Governments use tax incentives as a way to have projects or policies executed by private citizens or businesses. Two primary types of tax incentives are tax credits and tax grants. There are a number of differences between federal tax credits and tax grants. These range from issuing authority to the distribution of funding so it is critical to understand what each is.
Federal Tax Credits
A federal tax credit is an amount a person is allowed to deduct from his reported gross income. For example, if a person made $40,000 and received a $1,000 tax credit, that person's tax liability before taking other deductions would be $39,000. Federal tax credits are available for everything from purchasing green appliances for your home to investing in specific neighborhoods or community programs. Tax credits are incentives aimed at convincing people to spend money on items or programs the government believes are worthy.
State and LocalTax Grants
A grant is a sum of money given to a person or institution for a specific purpose. Grants do not require repayment to the issuing authority. Most tax grants are really a kind of exemption from tax given by taxing authorities. They are forgiveness of taxes already due to the authority. States, counties and municipalities can issue tax grants, usually on property or capital purchases. Many taxing authorities, for example, issue tax grants to nonprofits, allowing them to forgo paying property tax.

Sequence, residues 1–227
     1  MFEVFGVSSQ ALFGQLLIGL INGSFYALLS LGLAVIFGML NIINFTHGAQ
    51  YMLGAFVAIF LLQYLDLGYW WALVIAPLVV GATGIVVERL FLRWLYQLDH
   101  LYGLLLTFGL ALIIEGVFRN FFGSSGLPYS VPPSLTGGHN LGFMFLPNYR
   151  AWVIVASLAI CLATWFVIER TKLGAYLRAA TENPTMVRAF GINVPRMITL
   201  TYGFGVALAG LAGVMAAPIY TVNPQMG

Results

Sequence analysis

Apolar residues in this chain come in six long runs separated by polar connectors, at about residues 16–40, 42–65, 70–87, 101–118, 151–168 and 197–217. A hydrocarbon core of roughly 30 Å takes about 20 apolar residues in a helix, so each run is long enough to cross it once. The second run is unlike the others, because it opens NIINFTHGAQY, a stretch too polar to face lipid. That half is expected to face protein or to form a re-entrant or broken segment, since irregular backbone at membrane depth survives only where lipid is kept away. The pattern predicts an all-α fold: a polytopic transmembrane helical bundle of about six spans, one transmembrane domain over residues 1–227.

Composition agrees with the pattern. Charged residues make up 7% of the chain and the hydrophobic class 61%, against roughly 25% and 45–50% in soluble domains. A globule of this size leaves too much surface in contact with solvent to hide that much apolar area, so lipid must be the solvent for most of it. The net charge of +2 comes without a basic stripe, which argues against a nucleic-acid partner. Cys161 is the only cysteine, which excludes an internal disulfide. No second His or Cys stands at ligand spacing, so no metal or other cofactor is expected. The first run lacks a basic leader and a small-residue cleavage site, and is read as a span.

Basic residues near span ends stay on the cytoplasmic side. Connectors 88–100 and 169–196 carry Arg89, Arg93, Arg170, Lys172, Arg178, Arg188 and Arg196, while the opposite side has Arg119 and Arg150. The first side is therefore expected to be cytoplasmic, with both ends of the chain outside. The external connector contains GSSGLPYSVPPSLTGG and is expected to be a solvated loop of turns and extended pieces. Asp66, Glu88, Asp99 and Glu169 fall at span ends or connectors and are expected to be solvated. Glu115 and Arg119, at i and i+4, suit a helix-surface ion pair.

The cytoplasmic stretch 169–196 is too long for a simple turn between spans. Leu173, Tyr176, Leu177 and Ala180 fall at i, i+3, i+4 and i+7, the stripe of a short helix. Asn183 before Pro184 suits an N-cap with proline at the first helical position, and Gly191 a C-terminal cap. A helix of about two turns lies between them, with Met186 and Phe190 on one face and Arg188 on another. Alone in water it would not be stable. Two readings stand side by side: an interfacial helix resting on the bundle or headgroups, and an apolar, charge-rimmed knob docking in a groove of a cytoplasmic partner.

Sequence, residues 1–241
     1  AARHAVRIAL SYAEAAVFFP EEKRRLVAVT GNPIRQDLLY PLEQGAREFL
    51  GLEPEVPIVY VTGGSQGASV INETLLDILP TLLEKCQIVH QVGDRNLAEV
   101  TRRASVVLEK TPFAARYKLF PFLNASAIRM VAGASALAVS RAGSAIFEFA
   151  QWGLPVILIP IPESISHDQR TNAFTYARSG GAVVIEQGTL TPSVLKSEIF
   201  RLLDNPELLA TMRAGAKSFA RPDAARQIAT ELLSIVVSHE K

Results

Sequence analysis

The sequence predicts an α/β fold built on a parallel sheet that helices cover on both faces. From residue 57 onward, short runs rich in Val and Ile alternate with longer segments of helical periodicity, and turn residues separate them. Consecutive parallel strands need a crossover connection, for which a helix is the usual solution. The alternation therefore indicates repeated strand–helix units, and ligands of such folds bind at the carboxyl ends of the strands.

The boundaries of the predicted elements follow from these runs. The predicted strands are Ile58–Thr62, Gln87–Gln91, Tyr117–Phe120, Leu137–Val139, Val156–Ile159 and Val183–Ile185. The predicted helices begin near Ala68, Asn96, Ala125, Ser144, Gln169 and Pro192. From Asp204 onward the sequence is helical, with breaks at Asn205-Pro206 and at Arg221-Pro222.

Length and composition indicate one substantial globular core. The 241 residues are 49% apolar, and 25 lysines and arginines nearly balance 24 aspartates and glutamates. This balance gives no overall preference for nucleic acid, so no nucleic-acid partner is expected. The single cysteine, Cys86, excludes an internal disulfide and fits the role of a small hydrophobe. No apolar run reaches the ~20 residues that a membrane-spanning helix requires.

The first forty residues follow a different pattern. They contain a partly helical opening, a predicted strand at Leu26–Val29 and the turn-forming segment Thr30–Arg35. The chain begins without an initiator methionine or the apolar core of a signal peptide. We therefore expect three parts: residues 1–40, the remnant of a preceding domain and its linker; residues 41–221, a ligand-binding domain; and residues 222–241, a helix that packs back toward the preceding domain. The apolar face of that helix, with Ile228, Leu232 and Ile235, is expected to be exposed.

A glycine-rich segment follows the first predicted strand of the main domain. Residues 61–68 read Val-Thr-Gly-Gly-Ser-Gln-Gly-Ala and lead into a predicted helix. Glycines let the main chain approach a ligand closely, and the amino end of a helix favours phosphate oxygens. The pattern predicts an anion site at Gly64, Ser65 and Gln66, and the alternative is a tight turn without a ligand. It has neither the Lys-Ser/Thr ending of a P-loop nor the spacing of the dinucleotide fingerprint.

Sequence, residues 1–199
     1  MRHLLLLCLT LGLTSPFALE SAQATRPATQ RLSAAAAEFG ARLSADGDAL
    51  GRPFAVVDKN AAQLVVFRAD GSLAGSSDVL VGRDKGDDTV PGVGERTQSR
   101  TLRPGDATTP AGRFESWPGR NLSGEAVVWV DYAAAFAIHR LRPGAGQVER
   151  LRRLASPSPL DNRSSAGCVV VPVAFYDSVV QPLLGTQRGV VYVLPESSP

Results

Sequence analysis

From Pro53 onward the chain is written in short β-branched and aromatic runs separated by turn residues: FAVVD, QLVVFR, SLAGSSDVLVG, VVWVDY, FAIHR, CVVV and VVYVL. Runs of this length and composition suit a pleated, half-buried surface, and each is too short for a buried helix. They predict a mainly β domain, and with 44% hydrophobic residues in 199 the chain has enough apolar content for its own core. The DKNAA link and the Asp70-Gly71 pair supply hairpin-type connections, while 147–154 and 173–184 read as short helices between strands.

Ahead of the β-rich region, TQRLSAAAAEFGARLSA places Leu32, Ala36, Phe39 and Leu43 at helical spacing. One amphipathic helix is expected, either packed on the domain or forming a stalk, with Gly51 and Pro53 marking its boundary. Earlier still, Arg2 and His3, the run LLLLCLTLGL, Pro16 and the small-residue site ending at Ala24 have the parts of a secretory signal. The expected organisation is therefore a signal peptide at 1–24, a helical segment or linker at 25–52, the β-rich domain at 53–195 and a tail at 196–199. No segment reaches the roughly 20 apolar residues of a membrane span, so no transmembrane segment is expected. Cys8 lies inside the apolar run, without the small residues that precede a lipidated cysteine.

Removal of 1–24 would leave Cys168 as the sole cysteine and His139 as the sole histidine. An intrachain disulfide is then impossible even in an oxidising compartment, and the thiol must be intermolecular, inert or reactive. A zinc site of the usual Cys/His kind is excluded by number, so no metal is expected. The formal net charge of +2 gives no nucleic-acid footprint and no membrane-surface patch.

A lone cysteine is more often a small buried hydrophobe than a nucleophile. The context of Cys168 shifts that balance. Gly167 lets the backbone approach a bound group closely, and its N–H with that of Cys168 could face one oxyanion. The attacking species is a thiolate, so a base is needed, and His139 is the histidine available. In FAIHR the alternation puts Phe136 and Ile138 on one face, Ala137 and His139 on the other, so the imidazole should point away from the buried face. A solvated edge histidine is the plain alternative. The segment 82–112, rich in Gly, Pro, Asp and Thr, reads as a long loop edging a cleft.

Federal Tax Grants
The federal government might issue tax grants to local governments for the same reason it would issue personal tax credits, such as green initiatives. Unlike most tax grants, federal tax grants are funds issued for specific taxes collected. For example, the federal government collects a tax on fertilizer that funds some agricultural tax grants. Taxes on pollutants or harmful chemicals are used by the Environmental Protection Agency to fund clean-up grant programs.
Credits Vs. Grants
The easiest way to remember the difference between a federal tax credit and a tax grant is whether money is exchanged. In the case of grants, funds go out from one account to another. Even when municipalities issue tax grants, they pay one of their accounts from another. With tax credits, no money is exchanged. Instead the money owed a taxing authority is reduced, not moved from one account to another.
Tony Russo has been a general assignment reporter and an editor for weekly and daily community newspapers since 2004. He is a business blogger for several regional websites and produces a weekly news and entertainment podcast.